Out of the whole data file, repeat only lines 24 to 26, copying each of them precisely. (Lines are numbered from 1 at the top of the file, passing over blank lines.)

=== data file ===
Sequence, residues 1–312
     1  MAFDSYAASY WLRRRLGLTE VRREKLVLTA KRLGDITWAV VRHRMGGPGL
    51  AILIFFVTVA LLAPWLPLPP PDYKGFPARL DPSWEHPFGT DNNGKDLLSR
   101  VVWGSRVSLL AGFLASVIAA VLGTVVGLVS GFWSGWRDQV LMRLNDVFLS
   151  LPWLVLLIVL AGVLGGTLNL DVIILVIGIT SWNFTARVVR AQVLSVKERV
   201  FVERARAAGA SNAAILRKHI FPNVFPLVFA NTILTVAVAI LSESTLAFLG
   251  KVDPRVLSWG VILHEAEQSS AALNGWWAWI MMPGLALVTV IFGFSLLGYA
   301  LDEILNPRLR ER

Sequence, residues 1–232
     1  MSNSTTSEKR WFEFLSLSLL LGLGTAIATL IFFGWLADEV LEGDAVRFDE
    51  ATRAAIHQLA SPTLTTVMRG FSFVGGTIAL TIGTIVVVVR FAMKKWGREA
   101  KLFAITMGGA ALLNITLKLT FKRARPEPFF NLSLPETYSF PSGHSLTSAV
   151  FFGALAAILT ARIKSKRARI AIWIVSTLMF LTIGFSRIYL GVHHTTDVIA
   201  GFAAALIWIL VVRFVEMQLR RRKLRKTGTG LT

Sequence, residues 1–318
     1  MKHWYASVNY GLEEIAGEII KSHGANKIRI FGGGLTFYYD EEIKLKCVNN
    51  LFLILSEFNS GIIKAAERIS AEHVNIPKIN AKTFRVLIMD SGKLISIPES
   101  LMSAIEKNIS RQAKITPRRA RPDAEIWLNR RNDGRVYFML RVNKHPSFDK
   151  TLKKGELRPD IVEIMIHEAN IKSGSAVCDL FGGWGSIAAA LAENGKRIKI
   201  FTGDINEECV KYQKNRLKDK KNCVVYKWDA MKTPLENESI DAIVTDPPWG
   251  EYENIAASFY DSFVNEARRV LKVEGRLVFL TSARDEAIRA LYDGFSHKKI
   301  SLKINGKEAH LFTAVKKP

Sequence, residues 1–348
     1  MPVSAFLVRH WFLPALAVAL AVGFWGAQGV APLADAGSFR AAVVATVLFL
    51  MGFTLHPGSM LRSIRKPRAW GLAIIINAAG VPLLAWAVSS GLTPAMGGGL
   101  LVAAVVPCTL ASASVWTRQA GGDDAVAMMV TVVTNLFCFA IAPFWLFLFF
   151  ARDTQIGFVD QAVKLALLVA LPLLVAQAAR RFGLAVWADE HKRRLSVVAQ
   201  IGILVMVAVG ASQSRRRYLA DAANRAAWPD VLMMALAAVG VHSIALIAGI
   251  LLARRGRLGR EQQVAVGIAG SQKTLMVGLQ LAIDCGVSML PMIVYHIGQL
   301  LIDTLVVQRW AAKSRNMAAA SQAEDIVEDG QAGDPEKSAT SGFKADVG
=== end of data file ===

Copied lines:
     1  MPVSAFLVRH WFLPALAVAL AVGFWGAQGV APLADAGSFR AAVVATVLFL
    51  MGFTLHPGSM LRSIRKPRAW GLAIIINAAG VPLLAWAVSS GLTPAMGGGL
   101  LVAAVVPCTL ASASVWTRQA GGDDAVAMMV TVVTNLFCFA IAPFWLFLFF